Clues to 'Slacker' Behavior Found in Brain, Study Says
WEDNESDAY, May 2 (HealthDay News) -- Chemistry in three areas of the brain may influence your motivation levels, a new, small study says.
Along with providing new information about how the brain works, this study could prove important in finding ways to treat depression, schizophrenia, attention-deficit disorder and other types of mental illness linked with decreased motivation, Vanderbilt University researchers said.
The researchers monitored brain activity in 25 volunteers, aged 18 to 29, as they performed a task designed to assess their willingness to work for a cash reward.
The results showed that "go-getters" who were willing to work hard for a reward had higher release of the neurotransmitter dopamine in areas of the brain known to play an important role in reward and motivation -- the striatum and ventromedial prefrontal cortex.
But "slackers" -- those who were less willing to work hard for a reward -- had higher levels of dopamine in a brain area involved in emotion and risk perception, known as the anterior insula. Dopamine's role in this area of the brain surprised the researchers.
"Past studies in rats have shown that dopamine is crucial for reward motivation, but this study provides new information about how dopamine determines individual differences in the behavior of human reward-seekers," study author Michael Treadway, a post-doctoral student, said in a university news release.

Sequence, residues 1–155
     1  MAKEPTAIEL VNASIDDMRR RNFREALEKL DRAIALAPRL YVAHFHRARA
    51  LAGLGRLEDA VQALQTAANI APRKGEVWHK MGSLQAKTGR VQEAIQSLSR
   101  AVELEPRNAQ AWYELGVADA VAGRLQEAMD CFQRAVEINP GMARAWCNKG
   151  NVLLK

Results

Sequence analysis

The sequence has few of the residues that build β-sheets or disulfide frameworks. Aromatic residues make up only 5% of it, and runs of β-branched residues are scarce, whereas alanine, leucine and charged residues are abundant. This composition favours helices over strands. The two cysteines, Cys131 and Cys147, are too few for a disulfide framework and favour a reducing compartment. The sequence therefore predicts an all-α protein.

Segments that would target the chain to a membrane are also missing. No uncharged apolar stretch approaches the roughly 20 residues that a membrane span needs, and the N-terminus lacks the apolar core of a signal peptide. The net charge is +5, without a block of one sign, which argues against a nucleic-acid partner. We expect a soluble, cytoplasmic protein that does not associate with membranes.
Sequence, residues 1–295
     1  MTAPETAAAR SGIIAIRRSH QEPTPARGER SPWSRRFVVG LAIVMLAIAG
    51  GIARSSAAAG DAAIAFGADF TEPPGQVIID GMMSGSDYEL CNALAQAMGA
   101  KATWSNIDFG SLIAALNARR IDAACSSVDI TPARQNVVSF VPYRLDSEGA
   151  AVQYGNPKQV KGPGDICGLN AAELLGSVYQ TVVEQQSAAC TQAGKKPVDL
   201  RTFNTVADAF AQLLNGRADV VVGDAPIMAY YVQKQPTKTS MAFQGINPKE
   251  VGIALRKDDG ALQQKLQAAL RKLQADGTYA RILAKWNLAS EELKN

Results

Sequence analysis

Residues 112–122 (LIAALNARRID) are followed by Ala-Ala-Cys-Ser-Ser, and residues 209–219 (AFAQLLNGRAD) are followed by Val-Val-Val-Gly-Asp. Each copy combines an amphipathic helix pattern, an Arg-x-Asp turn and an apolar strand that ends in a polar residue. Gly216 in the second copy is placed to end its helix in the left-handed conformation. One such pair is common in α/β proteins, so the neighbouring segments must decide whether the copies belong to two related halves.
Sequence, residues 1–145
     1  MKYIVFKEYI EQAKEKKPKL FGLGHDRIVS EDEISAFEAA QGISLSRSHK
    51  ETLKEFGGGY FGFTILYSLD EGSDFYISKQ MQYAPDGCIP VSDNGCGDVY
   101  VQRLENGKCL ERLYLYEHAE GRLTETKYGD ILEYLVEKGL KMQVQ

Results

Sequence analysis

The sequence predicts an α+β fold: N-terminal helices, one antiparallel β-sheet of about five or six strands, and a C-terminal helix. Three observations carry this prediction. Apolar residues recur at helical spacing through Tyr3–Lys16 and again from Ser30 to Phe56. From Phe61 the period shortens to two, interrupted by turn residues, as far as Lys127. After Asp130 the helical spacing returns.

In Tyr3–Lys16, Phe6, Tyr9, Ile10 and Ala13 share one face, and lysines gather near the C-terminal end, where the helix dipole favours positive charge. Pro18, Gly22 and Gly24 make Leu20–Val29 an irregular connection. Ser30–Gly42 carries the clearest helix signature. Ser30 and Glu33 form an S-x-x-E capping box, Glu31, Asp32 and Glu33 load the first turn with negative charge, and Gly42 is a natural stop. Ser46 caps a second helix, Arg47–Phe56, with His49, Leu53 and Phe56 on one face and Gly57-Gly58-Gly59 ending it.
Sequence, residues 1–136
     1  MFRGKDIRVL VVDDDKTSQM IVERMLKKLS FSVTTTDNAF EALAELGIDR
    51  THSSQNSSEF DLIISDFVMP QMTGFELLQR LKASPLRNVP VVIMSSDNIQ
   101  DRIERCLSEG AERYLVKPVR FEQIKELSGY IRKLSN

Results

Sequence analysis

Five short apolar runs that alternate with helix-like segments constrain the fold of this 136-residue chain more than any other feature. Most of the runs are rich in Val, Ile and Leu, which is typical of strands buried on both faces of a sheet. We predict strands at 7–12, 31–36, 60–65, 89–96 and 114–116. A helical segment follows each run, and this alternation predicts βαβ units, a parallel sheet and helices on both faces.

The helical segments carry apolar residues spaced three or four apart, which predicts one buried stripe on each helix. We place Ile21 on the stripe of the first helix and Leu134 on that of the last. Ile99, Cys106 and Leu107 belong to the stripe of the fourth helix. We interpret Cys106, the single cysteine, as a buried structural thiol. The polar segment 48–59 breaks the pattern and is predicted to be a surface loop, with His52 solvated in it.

The study appears in the May 2 issue of the Journal of Neuroscience.
"At this point, we don't have any data proving that this 20-minute snippet of behavior corresponds to an individual's long-term achievement, but if it does measure a trait variable such as an individual's willingness to expend effort to obtain long-term goals, it will be extremely valuable," co-author David Zald, a professor of psychology, said in the news release.
Further research is needed to determine whether differences in dopamine levels play a role in the lower levels of motivation seen in people with certain types of mental illness.
"Right now our diagnoses for these disorders is often fuzzy and based on subjective self-report of symptoms," Zald said. "Imagine how valuable it would be if we had an objective test that could tell whether a patient was suffering from a deficit or abnormality in an underlying neural system. With objective measures we could treat the underlying conditions instead of the symptoms."
The U.S. National Institute of Mental Health has more about depression.
-- Robert Preidt
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